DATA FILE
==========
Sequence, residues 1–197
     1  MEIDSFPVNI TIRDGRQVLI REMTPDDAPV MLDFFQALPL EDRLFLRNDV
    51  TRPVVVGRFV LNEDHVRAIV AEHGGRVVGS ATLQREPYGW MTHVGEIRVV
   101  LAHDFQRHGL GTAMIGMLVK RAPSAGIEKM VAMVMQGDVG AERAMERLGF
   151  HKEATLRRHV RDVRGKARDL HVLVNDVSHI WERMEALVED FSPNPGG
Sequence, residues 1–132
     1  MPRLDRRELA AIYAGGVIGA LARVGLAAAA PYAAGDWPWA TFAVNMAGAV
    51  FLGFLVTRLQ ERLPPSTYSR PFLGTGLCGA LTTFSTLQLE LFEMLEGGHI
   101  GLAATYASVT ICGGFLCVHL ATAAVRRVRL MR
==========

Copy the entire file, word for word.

Sequence, residues 1–197
     1  MEIDSFPVNI TIRDGRQVLI REMTPDDAPV MLDFFQALPL EDRLFLRNDV
    51  TRPVVVGRFV LNEDHVRAIV AEHGGRVVGS ATLQREPYGW MTHVGEIRVV
   101  LAHDFQRHGL GTAMIGMLVK RAPSAGIEKM VAMVMQGDVG AERAMERLGF
   151  HKEATLRRHV RDVRGKARDL HVLVNDVSHI WERMEALVED FSPNPGG
Sequence, residues 1–132
     1  MPRLDRRELA AIYAGGVIGA LARVGLAAAA PYAAGDWPWA TFAVNMAGAV
    51  FLGFLVTRLQ ERLPPSTYSR PFLGTGLCGA LTTFSTLQLE LFEMLEGGHI
   101  GLAATYASVT ICGGFLCVHL ATAAVRRVRL MR